Identifying and Targeting Melanoma Resident Macrophages
Principal Investigator: Andrew White
DESCRIPTION (provided by applicant):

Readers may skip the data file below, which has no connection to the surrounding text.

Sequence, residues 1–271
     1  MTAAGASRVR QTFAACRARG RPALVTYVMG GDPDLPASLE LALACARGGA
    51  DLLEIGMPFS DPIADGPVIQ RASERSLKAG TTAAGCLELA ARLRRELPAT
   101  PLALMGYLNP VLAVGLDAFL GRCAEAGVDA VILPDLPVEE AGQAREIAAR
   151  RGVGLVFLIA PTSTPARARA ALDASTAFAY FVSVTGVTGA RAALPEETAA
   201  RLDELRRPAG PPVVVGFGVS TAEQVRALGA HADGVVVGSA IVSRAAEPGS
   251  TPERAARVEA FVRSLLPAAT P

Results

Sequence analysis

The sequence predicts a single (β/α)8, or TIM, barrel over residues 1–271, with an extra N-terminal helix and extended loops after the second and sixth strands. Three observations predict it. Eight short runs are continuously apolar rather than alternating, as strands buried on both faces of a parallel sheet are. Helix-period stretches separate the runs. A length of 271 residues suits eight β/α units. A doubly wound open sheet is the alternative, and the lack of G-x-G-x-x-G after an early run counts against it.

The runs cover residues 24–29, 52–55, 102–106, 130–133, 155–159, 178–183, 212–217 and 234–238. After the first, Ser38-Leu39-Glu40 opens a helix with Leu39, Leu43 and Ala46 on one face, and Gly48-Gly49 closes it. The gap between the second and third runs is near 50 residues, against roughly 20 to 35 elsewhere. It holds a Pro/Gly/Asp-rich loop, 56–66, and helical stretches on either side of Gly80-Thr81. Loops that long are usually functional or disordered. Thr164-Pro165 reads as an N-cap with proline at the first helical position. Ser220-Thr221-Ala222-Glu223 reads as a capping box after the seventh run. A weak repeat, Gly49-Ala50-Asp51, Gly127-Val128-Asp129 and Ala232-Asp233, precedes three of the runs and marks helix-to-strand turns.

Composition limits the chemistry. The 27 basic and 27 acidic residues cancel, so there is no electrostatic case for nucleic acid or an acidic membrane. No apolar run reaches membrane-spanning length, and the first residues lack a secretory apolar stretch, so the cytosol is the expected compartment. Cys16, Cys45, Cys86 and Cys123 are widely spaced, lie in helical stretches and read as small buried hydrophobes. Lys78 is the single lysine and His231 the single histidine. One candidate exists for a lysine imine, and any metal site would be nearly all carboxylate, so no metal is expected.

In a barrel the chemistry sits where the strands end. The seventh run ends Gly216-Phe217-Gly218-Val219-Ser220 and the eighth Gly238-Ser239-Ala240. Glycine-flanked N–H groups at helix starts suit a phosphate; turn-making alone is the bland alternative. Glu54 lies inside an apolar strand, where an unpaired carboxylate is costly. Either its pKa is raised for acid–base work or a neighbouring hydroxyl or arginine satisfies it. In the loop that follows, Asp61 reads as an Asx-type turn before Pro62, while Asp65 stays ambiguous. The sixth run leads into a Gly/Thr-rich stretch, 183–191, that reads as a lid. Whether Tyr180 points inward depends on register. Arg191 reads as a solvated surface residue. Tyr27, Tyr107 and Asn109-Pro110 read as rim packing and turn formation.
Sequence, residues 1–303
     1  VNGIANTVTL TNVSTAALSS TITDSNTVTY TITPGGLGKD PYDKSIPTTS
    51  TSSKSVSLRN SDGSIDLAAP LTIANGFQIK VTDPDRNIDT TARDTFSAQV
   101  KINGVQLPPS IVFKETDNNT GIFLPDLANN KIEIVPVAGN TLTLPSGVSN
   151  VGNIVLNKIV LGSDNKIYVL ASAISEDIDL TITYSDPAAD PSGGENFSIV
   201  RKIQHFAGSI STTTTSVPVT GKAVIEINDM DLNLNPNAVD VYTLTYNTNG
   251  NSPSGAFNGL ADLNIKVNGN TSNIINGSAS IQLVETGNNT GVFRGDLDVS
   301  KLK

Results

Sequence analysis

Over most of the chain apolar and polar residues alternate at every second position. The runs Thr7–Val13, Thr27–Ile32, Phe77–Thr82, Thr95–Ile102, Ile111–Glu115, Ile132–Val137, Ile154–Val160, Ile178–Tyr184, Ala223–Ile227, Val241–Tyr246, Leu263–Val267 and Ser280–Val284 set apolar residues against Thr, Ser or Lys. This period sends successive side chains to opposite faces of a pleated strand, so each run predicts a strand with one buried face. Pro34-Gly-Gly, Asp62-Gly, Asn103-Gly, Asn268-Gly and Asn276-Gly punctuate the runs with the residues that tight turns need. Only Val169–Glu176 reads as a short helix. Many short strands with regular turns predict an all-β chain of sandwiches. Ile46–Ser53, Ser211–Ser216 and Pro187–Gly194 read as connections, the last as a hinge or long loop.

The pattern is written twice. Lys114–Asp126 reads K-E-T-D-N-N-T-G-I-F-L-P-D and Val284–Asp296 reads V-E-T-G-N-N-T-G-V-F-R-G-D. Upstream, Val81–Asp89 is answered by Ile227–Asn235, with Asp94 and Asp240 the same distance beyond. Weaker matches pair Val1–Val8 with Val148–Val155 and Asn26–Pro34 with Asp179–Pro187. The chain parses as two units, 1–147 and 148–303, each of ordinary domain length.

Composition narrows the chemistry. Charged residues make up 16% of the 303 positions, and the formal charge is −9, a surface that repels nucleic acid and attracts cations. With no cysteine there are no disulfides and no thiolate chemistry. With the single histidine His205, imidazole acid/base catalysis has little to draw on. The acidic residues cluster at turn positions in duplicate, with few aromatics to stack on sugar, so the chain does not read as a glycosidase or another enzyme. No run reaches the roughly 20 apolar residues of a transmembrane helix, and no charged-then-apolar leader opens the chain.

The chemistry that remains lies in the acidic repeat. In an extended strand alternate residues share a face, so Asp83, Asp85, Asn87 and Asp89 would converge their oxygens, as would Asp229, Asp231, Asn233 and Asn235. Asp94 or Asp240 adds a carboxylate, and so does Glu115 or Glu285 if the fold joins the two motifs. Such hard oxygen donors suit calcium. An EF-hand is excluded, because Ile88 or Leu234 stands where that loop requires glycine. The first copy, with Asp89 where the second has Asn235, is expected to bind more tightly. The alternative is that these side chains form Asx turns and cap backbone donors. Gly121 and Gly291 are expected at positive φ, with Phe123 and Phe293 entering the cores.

Unrestrained expansion of mutated melanocytes results in melanoma, the deadliest of skin cancers. Fortunately, therapies developed in the last decade have significantly improved the outlook for many melanoma patients. On the other hand, melanomas often fail to be completely eradicated when treated with these new pharmaceuticals, leading to undetected residual cells that can cause tumor relapse and drug resistance. The primary objective of this proposal is to determine if a specialized cell of the immune system, the tissue resident macrophage, can act to protect melanoma cells against complete elimination during treatment. By identifying and defining this particular melanoma-resident macrophage population, new avenues of research will open, especially in regard to understanding how protection is conveyed on a molecular level. Most importantly, the data obtained through the studies outlined in this proposal could provide a new cellular target for the development of new therapeutics, with the hope and goal to combine with current treatments to ultimately eliminate all melanoma cells prior to the onset of recurrence.